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"Beautiful Winter Homes in Currituck", The Independent (Elizabeth City, N.C.), 29 October 1926

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BEAUTIFUL WINTER HOMES IN CURRITUCK

Many Distinguisged American Come to Currituck Every Winter Some Have Built Homes There

By Rupert E. West

Currituck County thought it has not official announcer ad has never yet been on the air, has call letter which are W W Y, "We Welcome You." it is nationally famous for its true Southern hospitality and a wonderful place in which to live.

Though its climate compares favorably with the most noted summer and winter resorts that it is free from hurricanes and devasating storms the are of frequent occurrence in many places which boast of their clime.

That is a desirable plane, which to live is evidenced by the number of winter homes that are maintained in the county.

These homes are not portable bungalows by permanent homes ranging in design and architecture from the [Unkown] cottage to Colonial mansions, enjoying a corps of servants and the takers for the entire year.

The owners of these homes are not fly by night promoters or prospectors but are men whom the county is proud to call its citizens. They are men who are interested in the welfare and progressievness [progressiveness] of the county. Though they rank among the most prominent men of the Nation and are [listed] in "Who's Who in America" they are regular fellows, free from egotism and are as plain as "And old shoe".

Among them are such men as Joseph P. Knapp, Publisher and Sportsman, whose home on Mackary Island is a credit to architecture: the grounds, with the miniature lakes and rose gardens, would please the eye of most critical landscape artist. It is a more than just a beautiful place in which to live, it is a home. Mr. Knapp's interest in the county is more than just the interest of a sportsman. The beautiful homes in which the teachers of Currituck County live are a gift to the County from him. The modern school building located on Knott's Island, is a gift from Mrs. Knapp. Mr. and Mrs. Knapp are great interested in education. They are firm believers in, "Equal educational advantages for the children of Currituck" and their generosity is largely responsible for the present school system of which the county is duly proud.

Thomas Dixon, famous novelist and lecturer, also maintains a winter home in Currituck. His interest in the county is more than local. A native "Tarheel", he is at all times ready and willing to aid in its progress.

Mr. and Mrs. William E. Carlin of New York City, have spent their winters in Currituck for the pas several years. It was Mr. Carlin who first inaugurated moving pictures in Currituck schools.

Herbert Lawton, millionaire manufacturer, is a winter resident of county and has maintained a winter home on Currituck Sound for several years.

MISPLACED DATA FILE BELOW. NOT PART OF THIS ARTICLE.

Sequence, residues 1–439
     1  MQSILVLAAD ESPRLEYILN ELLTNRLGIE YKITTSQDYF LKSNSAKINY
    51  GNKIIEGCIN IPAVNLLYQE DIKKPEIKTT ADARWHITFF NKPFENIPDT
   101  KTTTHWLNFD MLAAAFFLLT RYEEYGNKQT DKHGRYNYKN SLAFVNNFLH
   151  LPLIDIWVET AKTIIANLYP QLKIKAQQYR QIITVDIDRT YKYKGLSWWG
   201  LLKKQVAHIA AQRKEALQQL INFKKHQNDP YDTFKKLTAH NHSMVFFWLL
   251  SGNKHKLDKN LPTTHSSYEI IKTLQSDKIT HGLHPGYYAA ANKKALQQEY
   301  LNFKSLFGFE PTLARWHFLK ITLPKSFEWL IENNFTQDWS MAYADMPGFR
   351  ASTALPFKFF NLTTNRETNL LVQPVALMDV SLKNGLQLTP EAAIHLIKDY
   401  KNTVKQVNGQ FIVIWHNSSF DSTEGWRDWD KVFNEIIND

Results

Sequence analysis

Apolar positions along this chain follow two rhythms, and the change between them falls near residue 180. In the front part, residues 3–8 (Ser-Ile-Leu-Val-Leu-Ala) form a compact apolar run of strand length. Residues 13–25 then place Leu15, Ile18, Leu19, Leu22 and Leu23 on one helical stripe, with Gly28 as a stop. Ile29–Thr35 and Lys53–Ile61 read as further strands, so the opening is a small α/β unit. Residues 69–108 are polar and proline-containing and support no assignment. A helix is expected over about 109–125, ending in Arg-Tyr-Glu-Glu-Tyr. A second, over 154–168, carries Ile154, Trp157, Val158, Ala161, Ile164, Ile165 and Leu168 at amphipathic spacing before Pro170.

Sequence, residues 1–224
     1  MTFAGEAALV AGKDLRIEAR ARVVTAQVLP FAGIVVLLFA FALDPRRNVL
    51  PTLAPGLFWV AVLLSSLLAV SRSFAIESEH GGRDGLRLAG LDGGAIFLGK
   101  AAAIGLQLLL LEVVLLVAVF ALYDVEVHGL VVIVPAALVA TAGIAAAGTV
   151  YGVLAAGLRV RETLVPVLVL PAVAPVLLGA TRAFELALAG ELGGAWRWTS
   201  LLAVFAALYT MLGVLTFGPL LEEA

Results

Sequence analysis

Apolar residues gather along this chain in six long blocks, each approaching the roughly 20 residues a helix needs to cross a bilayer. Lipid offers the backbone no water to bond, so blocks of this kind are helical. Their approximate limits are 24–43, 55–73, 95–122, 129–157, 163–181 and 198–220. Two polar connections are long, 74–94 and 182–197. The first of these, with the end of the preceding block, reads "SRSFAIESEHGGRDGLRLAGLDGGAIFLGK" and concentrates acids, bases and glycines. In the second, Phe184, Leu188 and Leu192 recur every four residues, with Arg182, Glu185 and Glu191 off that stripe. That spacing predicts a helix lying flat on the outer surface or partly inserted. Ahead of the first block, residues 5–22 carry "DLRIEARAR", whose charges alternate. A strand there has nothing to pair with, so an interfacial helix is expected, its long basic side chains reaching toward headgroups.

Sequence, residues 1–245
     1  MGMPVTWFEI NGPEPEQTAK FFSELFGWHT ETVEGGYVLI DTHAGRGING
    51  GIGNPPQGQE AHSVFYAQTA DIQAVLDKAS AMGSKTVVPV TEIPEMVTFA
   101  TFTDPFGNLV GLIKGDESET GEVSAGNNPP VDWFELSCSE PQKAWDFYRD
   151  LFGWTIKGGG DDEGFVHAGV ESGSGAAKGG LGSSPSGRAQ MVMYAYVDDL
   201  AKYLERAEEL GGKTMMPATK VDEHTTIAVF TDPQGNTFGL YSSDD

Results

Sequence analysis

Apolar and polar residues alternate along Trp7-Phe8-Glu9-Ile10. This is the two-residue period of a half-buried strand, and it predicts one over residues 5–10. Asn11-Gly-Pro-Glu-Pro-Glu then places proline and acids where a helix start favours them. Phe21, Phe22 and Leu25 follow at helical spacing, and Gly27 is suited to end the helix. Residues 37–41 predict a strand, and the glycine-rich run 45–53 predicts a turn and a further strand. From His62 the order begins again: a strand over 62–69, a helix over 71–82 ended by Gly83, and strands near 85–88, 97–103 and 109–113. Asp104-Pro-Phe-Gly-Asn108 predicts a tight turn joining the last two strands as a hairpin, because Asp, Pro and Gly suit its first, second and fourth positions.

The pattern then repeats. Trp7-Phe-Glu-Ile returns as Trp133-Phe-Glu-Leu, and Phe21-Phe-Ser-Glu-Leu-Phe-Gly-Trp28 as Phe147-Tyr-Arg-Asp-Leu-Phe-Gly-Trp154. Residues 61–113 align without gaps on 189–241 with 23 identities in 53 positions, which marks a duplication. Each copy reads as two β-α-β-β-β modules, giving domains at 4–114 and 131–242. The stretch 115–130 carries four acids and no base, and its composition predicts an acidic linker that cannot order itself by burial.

Chas R. Van de Carr of New York, whose business interest have cone much in the development of the county has just competed a winter home in the county. Mr. and Mrs. Van de Carr plan to make this future home.

There is the Knight residence at Whale's Head on Currituck Beach. The Rogers' home at FLYWAY, these beautiful places are the permanent homes of northern sportsmen, who were attracted by the beauty and advantages of their location.

Mr. Herbert Cory of steel fame maintains a bhunting lodge on Knott's Island.

There are many others that Currituck is proud to call its citizens.

There are numerous lodges and clubs throughout the county. Among these are the "Swan Island Club", "Belles Island Club", "Currituck Club", "Floating Island Club", "Hampton Lodge", "White Game Preserve," "White Shooting Club." Many of these clubs have a regular membership while others cater to transient sportsmen. They all use citizen guides. The lodges and clubs are modern heating, equipment, and the best of all, "Old fashioned, Southen cooks," who can roast a duck or baste a goose to suit the fancy of an epicure.

The members and guests of these clubs and lodges are sportsmen of the highest type. They come to Currituck anticipating real sports and they do not go away disappointed. Every visitor is a booster.

There are lodges in Currituck that have a waiting list from year to year reservations are made seasons in advance.

Once a sportsman reaches Currituck, all worry is left behind. Ponce De Leon might truly have reached his goal had be visited Currituck for he would have found the Fountain of Youth.

Moyock and CoinJock

A tourist wants to know if Moyock in Currituck County is a Chinese town? We told him no that Moyock is a Indian name. We also assured him that the name of Coinjock another Currituck community is not of Jewish origin.

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Citation: "Beautiful Winter Homes in Currituck," The Independent (Elizabeth City, N.C.), 29 October 1926.
Location: North Carolina Collection, Joyner Library, East Carolina University, Greenville, NC 27858 USA
Call Number:NoCar Microfilm EcIw-1-18   Display Catalog Record
 

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